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Feb. 14, 2019

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Why I Wrote It

After each story, you'll receive a note from the writer. This is from Colin McGowan, about "Kyle Lowry's Over Everything."

It’s all the fog and crud on the pane between writer and subject, and it’s also that most people who play sports for a living aren’t that interesting or complex. It’s the content churn. I have theorized, densely and not a little disingenuously, about every athlete I’ve ever had half a thought about, because that’s what pays the rent, and what you discover, doing this for years, is that you’re often baselessly making shit up, metaphorizing ballplayers beyond recognition, ascribing them thoughts and motivations they don’t have. There’s urgency and shame in this, a word count to fill out, a spiritual need to feel like spending all this time considering the inner lives of jocks isn’t a complete waste. You overreach and sputter, self-satirize. It’s not great.

 

So it’s a gift when someone like Kyle Lowry waterbugs across your consciousness, because discussing him is, for once, not an exercise in over-interpretation. Here is an athlete who provides a rich, uneven text to sink deep wells into. The piece I wrote is a personality study, and it’s glib in places because it takes the measure of Lowry’s entire arc. Someone else could perform an engaging, narrower examination of his bummer years in Houston, his turbulent collegiate career, or his friendship with DeMar DeRozan. The material is there; the protagonist is compelling.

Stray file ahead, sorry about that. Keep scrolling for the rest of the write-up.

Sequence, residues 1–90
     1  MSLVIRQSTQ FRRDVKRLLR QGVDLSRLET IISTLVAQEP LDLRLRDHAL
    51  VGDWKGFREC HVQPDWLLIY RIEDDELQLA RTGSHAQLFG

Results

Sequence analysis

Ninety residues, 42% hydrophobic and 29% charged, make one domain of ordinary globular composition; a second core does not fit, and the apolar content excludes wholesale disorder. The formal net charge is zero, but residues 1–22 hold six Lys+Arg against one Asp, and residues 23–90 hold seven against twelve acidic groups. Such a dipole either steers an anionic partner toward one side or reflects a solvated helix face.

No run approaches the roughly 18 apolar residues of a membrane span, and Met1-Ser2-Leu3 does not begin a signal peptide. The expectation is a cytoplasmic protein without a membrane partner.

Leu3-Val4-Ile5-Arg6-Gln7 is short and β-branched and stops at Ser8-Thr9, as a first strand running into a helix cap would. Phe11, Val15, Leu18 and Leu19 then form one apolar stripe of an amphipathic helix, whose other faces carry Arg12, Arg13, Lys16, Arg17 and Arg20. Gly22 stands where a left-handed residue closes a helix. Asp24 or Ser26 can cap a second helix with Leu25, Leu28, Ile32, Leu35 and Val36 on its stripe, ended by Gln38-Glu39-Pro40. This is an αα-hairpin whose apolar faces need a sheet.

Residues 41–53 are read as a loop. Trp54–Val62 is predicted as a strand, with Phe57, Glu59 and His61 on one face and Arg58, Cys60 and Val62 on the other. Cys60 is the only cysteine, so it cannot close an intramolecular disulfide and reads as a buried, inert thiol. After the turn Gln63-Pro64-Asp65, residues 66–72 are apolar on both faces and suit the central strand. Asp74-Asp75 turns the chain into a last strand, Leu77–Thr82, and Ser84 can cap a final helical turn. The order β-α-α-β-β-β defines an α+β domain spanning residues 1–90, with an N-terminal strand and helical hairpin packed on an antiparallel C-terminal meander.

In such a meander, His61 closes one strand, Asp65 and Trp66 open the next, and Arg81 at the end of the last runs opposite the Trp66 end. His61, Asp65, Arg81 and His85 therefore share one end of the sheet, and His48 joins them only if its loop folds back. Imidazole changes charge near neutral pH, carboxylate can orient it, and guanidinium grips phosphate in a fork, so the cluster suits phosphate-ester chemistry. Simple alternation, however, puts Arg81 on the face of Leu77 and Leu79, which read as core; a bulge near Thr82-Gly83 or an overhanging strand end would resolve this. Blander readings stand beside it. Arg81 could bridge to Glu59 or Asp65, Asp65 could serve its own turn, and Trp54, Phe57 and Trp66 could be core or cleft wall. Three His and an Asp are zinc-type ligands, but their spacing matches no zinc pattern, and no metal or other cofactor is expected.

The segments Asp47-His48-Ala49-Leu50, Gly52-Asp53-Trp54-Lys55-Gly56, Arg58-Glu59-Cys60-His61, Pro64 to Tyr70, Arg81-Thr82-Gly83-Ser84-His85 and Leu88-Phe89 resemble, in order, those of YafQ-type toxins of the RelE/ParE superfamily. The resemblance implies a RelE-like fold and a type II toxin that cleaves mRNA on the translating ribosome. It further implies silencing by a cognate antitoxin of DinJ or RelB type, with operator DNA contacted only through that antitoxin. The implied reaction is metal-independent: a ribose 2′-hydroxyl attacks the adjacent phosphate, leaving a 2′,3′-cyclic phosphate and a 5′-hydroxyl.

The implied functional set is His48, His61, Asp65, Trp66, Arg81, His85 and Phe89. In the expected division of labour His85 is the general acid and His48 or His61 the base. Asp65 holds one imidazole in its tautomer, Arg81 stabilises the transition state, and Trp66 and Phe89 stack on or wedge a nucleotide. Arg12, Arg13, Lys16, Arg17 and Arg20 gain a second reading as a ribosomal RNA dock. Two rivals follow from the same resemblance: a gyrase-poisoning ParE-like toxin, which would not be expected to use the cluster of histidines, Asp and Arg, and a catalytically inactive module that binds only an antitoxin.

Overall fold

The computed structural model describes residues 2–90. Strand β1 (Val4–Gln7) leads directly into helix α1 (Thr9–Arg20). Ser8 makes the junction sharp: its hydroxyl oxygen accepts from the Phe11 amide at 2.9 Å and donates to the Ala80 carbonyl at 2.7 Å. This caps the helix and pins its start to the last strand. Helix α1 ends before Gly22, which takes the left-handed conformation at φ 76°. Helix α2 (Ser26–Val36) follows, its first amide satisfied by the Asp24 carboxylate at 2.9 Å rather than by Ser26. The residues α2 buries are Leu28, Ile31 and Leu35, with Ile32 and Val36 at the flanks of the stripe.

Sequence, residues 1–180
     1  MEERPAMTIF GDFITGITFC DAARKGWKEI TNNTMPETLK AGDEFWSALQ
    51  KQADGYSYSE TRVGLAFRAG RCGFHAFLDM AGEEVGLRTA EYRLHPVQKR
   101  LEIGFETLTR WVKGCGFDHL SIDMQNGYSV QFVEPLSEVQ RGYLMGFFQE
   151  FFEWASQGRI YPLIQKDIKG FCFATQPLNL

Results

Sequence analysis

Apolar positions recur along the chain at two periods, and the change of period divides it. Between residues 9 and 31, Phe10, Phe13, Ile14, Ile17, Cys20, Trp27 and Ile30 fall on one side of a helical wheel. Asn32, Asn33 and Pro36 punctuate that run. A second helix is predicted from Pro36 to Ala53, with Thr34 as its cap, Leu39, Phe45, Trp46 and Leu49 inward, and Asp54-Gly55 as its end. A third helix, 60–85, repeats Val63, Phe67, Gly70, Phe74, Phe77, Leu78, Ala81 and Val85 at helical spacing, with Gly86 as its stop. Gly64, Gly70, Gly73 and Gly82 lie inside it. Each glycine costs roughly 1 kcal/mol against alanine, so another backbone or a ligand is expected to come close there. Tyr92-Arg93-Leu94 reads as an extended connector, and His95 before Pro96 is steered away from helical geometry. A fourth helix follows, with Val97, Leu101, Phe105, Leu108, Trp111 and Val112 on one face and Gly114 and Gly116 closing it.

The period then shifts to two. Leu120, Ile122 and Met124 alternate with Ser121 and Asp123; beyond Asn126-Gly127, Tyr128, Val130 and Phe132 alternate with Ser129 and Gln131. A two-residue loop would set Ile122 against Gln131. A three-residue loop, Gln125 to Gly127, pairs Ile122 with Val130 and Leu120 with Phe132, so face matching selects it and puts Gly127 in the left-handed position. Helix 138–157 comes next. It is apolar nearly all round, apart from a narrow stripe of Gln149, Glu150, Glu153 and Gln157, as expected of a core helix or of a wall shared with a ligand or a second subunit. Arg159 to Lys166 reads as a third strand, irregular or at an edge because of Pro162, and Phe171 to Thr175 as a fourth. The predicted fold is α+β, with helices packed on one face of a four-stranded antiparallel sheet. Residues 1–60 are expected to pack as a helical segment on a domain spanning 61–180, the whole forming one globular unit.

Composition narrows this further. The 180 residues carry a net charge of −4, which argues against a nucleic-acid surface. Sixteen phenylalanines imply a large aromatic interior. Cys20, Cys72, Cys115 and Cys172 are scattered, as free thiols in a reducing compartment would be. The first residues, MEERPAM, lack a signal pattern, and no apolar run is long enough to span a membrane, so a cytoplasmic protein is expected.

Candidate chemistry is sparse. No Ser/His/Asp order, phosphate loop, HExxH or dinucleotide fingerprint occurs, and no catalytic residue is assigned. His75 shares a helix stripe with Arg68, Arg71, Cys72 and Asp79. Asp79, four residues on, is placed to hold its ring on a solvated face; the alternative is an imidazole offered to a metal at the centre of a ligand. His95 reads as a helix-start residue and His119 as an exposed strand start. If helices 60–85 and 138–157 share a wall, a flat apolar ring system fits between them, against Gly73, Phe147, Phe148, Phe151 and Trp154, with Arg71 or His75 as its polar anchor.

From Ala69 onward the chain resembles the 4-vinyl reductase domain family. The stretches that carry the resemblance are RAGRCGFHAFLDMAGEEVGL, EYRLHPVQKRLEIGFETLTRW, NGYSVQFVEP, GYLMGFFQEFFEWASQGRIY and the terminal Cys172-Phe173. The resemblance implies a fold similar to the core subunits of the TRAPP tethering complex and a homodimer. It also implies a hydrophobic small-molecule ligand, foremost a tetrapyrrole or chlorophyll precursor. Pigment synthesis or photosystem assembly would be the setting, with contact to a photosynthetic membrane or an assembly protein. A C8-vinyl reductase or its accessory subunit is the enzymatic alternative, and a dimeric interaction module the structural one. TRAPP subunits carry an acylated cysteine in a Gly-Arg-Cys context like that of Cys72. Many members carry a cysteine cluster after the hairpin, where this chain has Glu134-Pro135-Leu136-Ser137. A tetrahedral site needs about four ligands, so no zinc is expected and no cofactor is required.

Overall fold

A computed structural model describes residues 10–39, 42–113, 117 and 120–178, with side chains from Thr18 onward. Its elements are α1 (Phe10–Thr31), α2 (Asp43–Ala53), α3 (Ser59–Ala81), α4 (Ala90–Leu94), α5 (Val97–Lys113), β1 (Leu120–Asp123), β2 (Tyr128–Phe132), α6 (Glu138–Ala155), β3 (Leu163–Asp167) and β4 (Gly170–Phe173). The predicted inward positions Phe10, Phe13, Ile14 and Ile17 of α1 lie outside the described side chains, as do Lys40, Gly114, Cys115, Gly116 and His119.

I just like the guy, too. Lowry meets the baroque strangeness of his profession with rare and searching skepticism, and if this is not always a helpful thing, it reads much more believably than, say, Jimmy Butler’s bellowing truculence or Kevin Durant’s very-not-mad theater. I don’t get the sense that Lowry is secretly really nice or that he’s correct nearly as often as he thinks he is, but what he gives us isn’t a front, and whether he intends this or not, he respects our intelligence with his lack of pretending. Every eye roll is genuine. He won’t tell you he likes his boss. When he seems happy, it’s because he is.

 

As a writer, you can do something with this, because it is something in the first place. Kyle Lowry has a personality, and it’s kind of defective. I will let you in on a secret: writers tend to be defective as well—moody and petty and untrusting. I relate to Lowry, aspire to his level of grouchy excellence. Maybe this makes him easier to explain. At any rate, it stirs voracious interest, which is a good resource to start with, and not always in ready supply when deadlines are looming and the checking account balance is low. You’re never going to understand your subject perfectly, but some are more substantial than others, and it’s the wanting to, the ambitious headlong here-we-go pursuit of it, that makes the work worthwhile.

Colin McGowan

Art: Drake Cereal







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